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  • Cathedral and Civic Ritual in Late Medieval and Renaissance Florence: The Service Books of Santa Maria del Fiore
  • Murray Steib
Marica S. Tacconi . Cathedral and Civic Ritual in Late Medieval and Renaissance Florence: The Service Books of Santa Maria del Fiore. Cambridge Studies in Palaeography and Codicology 12. Cambridge: Cambridge University Press, 2005. xx + 358 pp. index. append. illus. tbls. map. bibl. $120. ISBN: 0-521-81704-8.

Although there have been numerous studies of the Florence Cathedral (both Santa Maria del Fiore as well as the earlier Santa Reparata), little work has been done on their sixty-five extant service books. These books — antiphonaries, breviaries, epistolaries, evangelaries, graduals, lectionaries, missals, ordinals, [End Page 1199] processionals, and psalters — were designed for and used in the liturgy on a daily basis, but they also have codicological, musical, and artistic significance. They were a source of great civic pride as well, and much time, money, and artistry was lavished upon them. In order to treat such a complex group of manuscripts, Tacconi has adopted a multidisciplinary methodology common in such studies.

After a brief introduction, the first chapter examines the books as a whole, dividing them into three distinct time periods: those made for Santa Reparata ca. 1150-1231 (only three extant manuscripts), those made for Santa Maria del Fiori after ca. 1331 (six manuscripts), and those made from 1438-1526 (fifty-six manuscripts). By examining extant inventories and other documents, Tacconi is able to determine dates for most of the manuscripts, estimate how many others have been lost, discuss many of the scribes, illuminators, and other artisans involved with their production, determine who commissioned them, and why, and, finally, establish their fate after the Council of Trent. The second chapter traces the development of the Florentine calendar. Early hagiological practice had much in common with that of Lucca, but following the liturgical reforms of 1310, Florence consciously aligned itself with Roman practice.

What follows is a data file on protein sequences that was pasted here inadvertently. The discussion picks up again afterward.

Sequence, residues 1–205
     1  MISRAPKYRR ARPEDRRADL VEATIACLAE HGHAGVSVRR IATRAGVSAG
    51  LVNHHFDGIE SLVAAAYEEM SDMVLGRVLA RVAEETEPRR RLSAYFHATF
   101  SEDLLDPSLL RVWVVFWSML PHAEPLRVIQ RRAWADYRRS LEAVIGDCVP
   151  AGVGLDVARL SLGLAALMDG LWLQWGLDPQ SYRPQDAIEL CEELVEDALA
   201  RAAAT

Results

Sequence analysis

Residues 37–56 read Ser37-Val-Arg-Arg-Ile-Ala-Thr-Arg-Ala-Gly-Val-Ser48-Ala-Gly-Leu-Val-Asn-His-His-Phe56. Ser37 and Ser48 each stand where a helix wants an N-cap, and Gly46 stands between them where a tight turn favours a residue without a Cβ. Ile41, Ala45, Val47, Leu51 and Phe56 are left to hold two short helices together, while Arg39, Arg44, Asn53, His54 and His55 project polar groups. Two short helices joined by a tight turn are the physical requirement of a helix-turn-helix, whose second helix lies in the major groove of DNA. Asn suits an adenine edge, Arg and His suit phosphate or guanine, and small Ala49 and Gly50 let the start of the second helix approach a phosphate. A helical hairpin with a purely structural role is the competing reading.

Chapters 3 and 4 form the heart of the book. Here Tacconi analyzes the service books from various perspectives. Many of them, for instance, are luxuriously decorated, and the author discusses some of the most stunning illuminations. Indeed, one of the great attractions of this book is its thirty-two full-color plates, some of which are only mentioned briefly in the text, while others are discussed in great detail. The author's purpose is not to give a history of manuscript illumination, however: her focus is on what the illuminations can tell us about the church, the city, and the intersection of the two. For example, Medicean symbols and portraits are often used in books produced after their return to the city in 1512, and Tacconi argues that such iconography served a dual religious and political agenda and helped in the consolidation of Medicean authority. She also approaches these books from a liturgical perspective, showing how the presence of relics influenced certain rites. Particularly interesting is her discussion of processions, especially at Santa Reparata.

The final chapter discusses six saints of particular importance in Florence: Saint Reparata, the Virgin Mary, and Saints Zenobius, Eugene, Crescentius, and Podius. She traces their connection to the city and examines the liturgies associated with their feasts. A brief epilogue is followed by four appendices: a concordance between references to the service books mentioned by Giovanni Poggi (a modern scholar) and their modern shelf numbers, a list of artists and craftsmen involved with the production of the service books, a calendar of the feasts based on ten of the books, and eight liturgical texts and chants for various saints. A bibliography, the color plates, and an index round off the book.

I have two small problems with this book. As with most books of this kind, there are numerous quotations from medieval and Renaissance Latin and Italian documents. Most of these are given in English with the original language in a footnote or an adjacent column, but some are in the original language only, [End Page 1200] without translation (see especially pp. 56-64 and Appendix D, example 4 — a two-page vita of Saint Eugene). This inconsistency will make it unnecessarily difficult for some readers. Finally, although there is some...


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